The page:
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A recent Employment Appeal Tribunal case serves as a helpful reminder to employers that, where an employee makes a complaint of discrimination, even if the employer does not believe that the complaint has merit, they can still be found liable for victimisation owing to the way in which they handled the complaint. 

In the case of McQueen v The General Optical Council, Mr McQueen was disciplined owing to behaviour which he alleged arose out of his disability. His primary claim (of discrimination arising from a disability under s15 Equality Act 2010) failed following an appeal to the EAT on the basis that his behaviour did not ‘arise from’ his disability at all. However, he did succeed in his claim that he had been victimised. Victimisation claims cover the situation where an employee is treated unfavourably because of raising an issue relating to a protected characteristic. In this case, the employer’s mishandling and “passive failure” to do anything about Mr McQueen’s grievance (which related to a protected characteristic: his disability) caused Mr McQueen distress for over a year.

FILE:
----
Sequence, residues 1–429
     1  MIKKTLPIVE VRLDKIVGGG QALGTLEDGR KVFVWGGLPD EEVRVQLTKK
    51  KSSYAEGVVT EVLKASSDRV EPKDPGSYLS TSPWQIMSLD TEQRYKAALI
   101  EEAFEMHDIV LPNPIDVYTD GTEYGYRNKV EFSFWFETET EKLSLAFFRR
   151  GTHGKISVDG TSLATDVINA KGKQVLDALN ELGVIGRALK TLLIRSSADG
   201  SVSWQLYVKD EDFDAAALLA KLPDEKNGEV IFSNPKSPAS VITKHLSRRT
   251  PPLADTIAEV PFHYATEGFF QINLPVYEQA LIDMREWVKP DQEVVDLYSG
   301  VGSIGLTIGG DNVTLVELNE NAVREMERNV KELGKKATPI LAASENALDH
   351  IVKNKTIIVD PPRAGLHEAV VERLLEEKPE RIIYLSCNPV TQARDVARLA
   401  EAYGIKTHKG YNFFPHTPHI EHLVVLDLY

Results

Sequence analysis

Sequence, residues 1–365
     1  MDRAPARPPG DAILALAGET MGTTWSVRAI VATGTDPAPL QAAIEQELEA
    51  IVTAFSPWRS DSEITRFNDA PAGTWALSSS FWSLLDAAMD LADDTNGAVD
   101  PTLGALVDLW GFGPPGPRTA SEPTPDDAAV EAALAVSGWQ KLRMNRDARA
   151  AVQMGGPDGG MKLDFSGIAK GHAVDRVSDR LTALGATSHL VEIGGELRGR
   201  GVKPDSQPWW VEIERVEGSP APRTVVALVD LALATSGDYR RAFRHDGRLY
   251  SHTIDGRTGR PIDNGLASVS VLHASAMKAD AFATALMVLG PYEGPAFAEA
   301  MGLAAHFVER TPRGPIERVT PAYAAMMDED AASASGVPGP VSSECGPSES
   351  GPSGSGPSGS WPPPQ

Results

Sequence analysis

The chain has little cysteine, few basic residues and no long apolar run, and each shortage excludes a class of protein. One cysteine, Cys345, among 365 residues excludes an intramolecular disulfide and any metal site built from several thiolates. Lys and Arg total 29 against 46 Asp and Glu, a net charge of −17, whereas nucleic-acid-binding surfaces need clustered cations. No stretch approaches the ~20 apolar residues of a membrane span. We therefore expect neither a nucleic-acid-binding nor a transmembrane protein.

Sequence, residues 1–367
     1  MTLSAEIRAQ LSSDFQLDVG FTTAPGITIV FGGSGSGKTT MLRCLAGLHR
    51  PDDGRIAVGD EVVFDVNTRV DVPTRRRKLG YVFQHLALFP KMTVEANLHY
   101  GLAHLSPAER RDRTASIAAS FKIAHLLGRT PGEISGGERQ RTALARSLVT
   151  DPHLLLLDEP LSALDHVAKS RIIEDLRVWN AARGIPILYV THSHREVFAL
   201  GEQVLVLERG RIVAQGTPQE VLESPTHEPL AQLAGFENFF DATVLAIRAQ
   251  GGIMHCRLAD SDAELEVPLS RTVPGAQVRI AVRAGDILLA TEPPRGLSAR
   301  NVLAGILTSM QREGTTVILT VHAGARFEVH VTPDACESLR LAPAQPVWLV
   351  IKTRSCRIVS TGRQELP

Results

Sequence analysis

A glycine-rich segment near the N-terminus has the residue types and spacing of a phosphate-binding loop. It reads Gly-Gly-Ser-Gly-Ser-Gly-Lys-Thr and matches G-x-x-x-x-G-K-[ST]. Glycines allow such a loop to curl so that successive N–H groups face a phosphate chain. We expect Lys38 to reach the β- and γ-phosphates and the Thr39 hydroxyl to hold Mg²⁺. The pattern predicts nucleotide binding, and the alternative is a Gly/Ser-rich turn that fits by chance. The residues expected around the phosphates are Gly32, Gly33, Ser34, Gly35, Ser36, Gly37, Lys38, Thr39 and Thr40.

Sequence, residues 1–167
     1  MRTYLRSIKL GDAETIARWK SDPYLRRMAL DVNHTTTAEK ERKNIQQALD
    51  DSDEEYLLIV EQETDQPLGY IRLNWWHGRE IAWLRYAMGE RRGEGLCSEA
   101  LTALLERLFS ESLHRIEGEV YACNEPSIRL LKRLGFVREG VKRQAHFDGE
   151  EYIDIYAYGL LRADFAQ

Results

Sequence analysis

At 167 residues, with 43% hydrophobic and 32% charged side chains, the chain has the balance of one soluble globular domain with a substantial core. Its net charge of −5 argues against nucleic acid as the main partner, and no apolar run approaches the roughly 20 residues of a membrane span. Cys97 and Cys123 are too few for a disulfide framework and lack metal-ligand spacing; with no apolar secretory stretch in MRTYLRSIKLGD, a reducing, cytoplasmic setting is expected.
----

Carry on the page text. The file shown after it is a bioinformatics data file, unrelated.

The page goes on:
As a result, the tribunal ordered the General Optical Council to pay compensation, mostly for injury to feelings, of £22,680.  But some of it was for an ‘Acas uplift’, which is awarded if an employer fails to follow the Acas Code of Practice on Disciplinary and Grievance procedures.

It is fairly common for victimisation claims to succeed even where main claims fail (as here), and the ACAS uplift is an easy ‘win’ for claimants – and a punitive increase in liability for employers. Employers can protect themselves by conducting prompt and thorough grievance and disciplinary investigations in all cases, in line with their policies and the ACAS Codes. Remember that there is often the opportunity to remedy defects in the disciplinary or grievance process on appeal, if there were problems at the first stage.

Find out how we can help.  Our partner, Jon Dunkley, heads the Wollens specialist Employment Department.  Contact him today for an informal chat, without obligation on 01271 342268 or via email at [email protected].